Four of us from different parts of corporate life were swapping notes over drinks recently. After three days at a bootcamp for women entrepreneurs I was pumped. I’d met confident, kick ass women who were doing everything from running Uber for trucks, managing AI customer platforms, and inventing digital wristbands that make exercise enticing for kids.
By contrast, one of us was about to run a gender equality workshop for a bunch of senior men and had been hit by the weight of the status quo after walking with a group of former career women turned stay-at-home mums.
“Quick give me some optimism, I need it desperately” she said. “Give me some counterbalancing.”
Another of us, recently in between big jobs, told us how she’d decided at the last minute to turn down an attractive new role. “I just couldn’t go back in. These roles are all consuming of people.” she said. Her son was going to get his learners permit this year and while her husband had been the main carer at home, the thought of 120 compulsory driving hours with her son was (bizarrely) something she couldn’t put a value on.
And herein lay a tiny patch of the complex tapestry we’re dealing with as we try to work towards a more inclusive, gender equal society. The exciting possibility of the new emerging economy fighting for space and straining up against the heavy threads of the unthinking custom that has long shaped and dictated the tempo of society.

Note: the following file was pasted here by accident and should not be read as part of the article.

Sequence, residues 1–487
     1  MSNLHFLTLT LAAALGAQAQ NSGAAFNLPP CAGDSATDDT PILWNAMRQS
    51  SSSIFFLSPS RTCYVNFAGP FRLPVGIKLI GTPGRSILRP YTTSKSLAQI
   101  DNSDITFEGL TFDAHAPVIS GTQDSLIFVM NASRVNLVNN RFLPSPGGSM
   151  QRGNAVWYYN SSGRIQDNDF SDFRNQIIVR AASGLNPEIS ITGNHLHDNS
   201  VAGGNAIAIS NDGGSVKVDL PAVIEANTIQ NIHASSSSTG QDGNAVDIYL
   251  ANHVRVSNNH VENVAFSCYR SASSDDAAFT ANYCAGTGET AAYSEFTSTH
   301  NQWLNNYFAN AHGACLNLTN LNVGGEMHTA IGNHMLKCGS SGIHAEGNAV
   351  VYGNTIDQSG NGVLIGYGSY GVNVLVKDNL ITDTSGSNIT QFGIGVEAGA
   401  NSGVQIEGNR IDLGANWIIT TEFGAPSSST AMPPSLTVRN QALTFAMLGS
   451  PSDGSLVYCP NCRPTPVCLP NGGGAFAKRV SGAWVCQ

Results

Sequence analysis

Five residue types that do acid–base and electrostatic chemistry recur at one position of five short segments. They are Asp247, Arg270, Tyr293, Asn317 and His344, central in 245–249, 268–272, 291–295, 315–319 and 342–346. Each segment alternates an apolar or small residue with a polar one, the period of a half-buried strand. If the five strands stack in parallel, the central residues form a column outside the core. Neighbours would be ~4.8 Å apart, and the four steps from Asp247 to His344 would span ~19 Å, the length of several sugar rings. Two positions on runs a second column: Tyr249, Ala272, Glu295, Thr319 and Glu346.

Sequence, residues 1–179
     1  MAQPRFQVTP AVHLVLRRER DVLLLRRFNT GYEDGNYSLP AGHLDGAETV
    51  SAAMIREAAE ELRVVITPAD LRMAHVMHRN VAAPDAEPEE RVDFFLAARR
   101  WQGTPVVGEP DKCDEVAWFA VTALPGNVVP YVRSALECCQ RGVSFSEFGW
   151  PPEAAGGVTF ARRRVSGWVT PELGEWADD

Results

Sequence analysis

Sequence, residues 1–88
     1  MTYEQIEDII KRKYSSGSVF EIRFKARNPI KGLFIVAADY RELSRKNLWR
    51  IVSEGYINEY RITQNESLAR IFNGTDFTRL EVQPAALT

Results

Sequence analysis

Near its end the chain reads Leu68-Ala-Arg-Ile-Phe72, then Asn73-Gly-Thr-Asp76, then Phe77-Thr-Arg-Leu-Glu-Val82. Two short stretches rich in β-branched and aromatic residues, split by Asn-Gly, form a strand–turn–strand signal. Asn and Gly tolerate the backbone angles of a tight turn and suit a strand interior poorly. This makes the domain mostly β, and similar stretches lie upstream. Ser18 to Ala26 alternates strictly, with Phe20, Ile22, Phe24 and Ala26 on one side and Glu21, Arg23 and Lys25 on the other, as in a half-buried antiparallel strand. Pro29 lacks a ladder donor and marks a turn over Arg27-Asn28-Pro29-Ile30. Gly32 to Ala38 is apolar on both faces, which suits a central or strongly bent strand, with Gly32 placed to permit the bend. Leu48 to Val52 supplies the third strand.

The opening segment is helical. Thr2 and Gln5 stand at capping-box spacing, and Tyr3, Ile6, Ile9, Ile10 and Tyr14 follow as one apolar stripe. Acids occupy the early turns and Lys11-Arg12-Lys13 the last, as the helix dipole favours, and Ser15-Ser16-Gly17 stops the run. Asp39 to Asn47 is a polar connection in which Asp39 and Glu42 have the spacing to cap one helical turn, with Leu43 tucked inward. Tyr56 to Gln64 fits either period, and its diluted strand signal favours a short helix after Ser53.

As mixed race, educated and relatively privileged women, we had to remember to check our privilege at the door. We were not fearful, nor were we scheming to squirrel away spare change and leave a violent, controlling partner with two young daughters in tow like someone close to me.
It is a reminder that we’re all dealing with this world, this period of flux in our own ways. Times like this weigh heavily on our souls. With more precarious economic futures ahead, institutional leadership lacking and discontent that so many of us are missing out, the demagogues and dictators are on the rise, nurturing fear as they attempt to shush the voice of feminism. These are charged times where our words and our actions are more vital as there is more at stake than ever.
At the end of our drinks, we four did a kind of give and get, an informal swap meet: who needed support, connections and where and how we could help each other.
We reminded ourselves of the long game: how the women who fought for the vote and property rights and education and birth control must have felt over the decades.
We walked away with a bit more oomph to go back into the fray and battle on. And amidst the increasingly toxic public discourse, stepping back to look at the long game is not only helpful, but vital.
World Economic Reform data shows Australia’s long game has not just flatlined but has gone backwards on the gender front.